Wednesday, December 28, 2011

"Rise of the Planet of the Apes" (2011)

Starring James Franco, John Lithgow and Andy Serkis
Written by Rick Jaffa and Amanda Silver
Directed by Rupert Wyatt
Rated PG-13 - Language, violence
Running Time: 105 Minutes

I've seen some truly outright terrible prequels.  And some really awesome ones. "Rise of the Planet of the Apes" thankfully falls into the latter category. 

Will Rodman (James Franco) is a scientist working on a cure for Alzheimer's, and has created a viral gene therapy he believes will allow the human brain to repair itself.  After his most promising ape trial goes wrong and the investors pull out, Will rescues an infant chimpanzee from being put down.  He takes the chimp home, where he lives with his father Charles (John Lithgow), who suffers from Alzheimer's.  Charles is immediately taken with the chimp, and names him Caesar (Andy Serkis). 

Will soon learns that Caesar is no ordinary chimp.  The enhanced genes of his mother have been passed to him, and he shows incredible intelligence as he matures.  At the same time, Will sneaks home some of his defunct viral research and tests it on Charles, and Charles begins to recover from his disease.  One day, after Charles suffers a relapse and damages their neighbor's (David Hewlett) car, Caesar comes to his rescue and bites off the neighbor's finger.  Will is ordered to surrender Caesar to an Animal Control primate facility. 

In this facility, Caesar begins to understand the mistreatment of his people at the hands of humans.  The facility administrator, Landon (Brian Cox) is uncaring and corrupt, while his son Dodge (Tom Felton) who handles the apes themselves, is outright cruel.  Only the dim-witted Rodney (Jamie Harris) shows any kindness to the apes.  Caesar quickly begins to understand what has happened to him, and manages to break out of the facility, steal some of Will's virus, and begins to teach the other apes to rise up against their oppressors.

"Rise of the Planet of the Apes" took pretty much everyone by surprise this summer when it turned out to not be terrible.  Trepidation was high, since everyone remembers the lame Tim Burton/Mark Wahlberg remake from a few years back, and that the studio decided to open it in the dead zone of August, typically a dumping ground for the summer's lamer flicks didn't help.  But "Rise" surprisingly became both a critical and financial success, thanks to impeccable production values and a  well-rounded script.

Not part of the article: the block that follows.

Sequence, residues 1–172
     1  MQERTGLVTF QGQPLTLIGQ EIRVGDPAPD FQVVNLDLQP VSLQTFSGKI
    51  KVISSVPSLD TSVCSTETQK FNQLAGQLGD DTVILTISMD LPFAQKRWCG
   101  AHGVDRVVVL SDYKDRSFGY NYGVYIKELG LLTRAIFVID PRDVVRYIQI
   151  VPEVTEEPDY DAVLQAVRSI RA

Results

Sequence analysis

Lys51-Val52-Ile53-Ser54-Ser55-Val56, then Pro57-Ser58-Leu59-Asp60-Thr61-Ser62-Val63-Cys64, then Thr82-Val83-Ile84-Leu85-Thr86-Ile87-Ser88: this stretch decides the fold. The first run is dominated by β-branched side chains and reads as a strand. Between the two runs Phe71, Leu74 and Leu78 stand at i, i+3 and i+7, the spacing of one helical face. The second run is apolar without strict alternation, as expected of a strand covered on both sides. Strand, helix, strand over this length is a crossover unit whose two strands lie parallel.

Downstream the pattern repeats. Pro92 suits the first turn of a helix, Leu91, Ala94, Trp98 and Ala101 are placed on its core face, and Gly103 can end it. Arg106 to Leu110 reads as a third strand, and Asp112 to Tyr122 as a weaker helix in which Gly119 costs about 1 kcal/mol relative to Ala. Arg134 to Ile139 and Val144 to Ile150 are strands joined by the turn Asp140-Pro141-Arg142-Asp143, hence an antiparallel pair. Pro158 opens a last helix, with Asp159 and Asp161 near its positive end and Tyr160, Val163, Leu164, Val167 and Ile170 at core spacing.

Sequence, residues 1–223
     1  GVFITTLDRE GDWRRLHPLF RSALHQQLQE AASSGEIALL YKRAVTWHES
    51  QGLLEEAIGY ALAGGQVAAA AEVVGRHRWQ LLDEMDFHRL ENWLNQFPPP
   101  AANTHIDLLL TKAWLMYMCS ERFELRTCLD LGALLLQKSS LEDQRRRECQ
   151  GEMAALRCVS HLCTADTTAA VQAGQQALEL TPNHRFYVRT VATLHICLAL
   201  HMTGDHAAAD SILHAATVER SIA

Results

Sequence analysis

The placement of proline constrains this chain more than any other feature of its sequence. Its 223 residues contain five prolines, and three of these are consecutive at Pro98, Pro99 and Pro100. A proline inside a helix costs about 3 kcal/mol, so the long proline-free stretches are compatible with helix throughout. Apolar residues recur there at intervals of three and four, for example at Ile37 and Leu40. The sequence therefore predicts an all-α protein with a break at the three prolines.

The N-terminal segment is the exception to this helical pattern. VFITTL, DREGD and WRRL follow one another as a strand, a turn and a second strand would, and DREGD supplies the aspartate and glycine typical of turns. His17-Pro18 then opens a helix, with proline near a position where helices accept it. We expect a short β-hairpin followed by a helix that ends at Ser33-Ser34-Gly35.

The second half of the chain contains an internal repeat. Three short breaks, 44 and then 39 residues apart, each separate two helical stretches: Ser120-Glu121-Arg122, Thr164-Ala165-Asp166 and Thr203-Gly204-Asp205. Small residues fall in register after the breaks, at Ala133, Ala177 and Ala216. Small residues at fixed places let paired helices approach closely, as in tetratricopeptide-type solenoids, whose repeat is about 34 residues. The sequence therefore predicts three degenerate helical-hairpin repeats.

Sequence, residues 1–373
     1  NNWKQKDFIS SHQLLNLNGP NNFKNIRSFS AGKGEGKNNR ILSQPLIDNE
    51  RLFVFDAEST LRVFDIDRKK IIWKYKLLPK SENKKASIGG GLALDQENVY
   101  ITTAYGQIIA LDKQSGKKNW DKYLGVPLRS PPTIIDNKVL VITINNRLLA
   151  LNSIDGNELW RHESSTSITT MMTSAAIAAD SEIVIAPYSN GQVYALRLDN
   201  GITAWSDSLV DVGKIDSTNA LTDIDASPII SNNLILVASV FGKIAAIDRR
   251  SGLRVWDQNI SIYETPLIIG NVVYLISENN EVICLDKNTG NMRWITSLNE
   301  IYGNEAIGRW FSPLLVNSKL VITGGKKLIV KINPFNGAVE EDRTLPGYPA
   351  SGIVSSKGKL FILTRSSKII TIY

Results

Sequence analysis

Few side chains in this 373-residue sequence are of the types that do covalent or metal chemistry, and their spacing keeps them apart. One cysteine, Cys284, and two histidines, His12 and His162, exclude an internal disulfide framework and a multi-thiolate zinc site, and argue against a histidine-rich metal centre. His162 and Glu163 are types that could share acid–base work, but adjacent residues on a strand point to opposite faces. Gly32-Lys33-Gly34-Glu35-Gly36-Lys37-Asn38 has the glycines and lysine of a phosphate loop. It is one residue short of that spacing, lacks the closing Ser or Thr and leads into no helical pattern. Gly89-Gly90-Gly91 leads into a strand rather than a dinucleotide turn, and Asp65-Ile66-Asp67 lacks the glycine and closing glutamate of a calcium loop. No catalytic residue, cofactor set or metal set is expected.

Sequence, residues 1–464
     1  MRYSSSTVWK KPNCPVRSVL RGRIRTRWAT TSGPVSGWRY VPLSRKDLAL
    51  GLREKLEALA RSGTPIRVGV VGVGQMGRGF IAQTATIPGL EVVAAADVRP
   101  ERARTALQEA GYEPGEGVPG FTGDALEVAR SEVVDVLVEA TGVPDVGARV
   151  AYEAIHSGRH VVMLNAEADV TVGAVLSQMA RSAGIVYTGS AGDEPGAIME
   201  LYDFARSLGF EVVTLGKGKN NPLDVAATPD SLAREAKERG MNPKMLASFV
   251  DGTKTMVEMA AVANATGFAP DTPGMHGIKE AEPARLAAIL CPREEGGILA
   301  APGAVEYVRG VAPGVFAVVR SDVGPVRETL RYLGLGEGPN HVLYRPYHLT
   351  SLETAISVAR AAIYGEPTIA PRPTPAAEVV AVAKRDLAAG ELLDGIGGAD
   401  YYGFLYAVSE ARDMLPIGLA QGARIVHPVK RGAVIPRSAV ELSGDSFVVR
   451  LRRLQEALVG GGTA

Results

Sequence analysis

Make no bones about it, the real star of the show here is Caesar, and Andy Serkis and the WETA Digital effects shop have done some real movie magic.  Even without dialogue, you always know exactly what Caesar is thinking and feeling thanks to his movements and his incredibly expressive face.  The amount of information he's able to convey with just a look, or the way he carries himself, is incredible.  Serkis and WETA previously worked together to bring to life Gollum in the "Lord of the Rings" trilogy, and they've truly outdone themselves here. 

"Rise" is Caesar's story, even though we follow a couple other plot threads throughout.  But the real joy of "Rise" is watching Caesar form relationships with the other apes, including a bully called Rocket and a caged gorilla named Buck.  And once Caesar's insurrection is unleashed in the third act, these story threads all prove to have a point. 

The rest of the cast all does fine, though some better than others.  Frieda Pinto's role as a veterinarian and Will's wife is underdeveloped, and David Oyelowo as Will's boss Jacobs is also a pretty basic villainous businessman type.  He's not interested in the apes, merely how much money he can make off of them. "Stargate" regular David Hewlett does fine in his brief role as Will's jerk neighbor, but with only three or four lines in the whole movie, there's not really much else to say about him.  Of the supporting characters, John Lithgow does the best.  He's very effective at creating his character even with the limited screentime he gets, and I'd have loved to have seen more of him in this role.

So while the human characters in the film may be a bit thin, the script pours all the goods into the ape side of things.  The third act is a rollicking action set piece as the apes' attempt to escape the city turns nearly into all-out warfare.  The humans constantly underestimate the apes' intelligence and power, and the apes actually communicate with each other and devise tactics to defeat the humans.  Director Rupert Wyatt creates a number of iconic images for Caesar to show him as a leader.  Also fun is a number of little nods to the previous films in the series sprinkled throughout the film, including mentions of the Icarus spaceflight and glimpses of a colorful circus. 

"Rise of the Planet of the Apes" functions both as prequel and reboot.  Apparently this will be a new series of films, but one can see enough of the original continuity in it for it to go either way.  What the producers have wisely done is simply make a good film rather than just be slaves to continuity and go through basic checklists of things that need to happen to set up other films.  "Rise" is great entertainment, with some real movie magic at work in creating the Caesar character.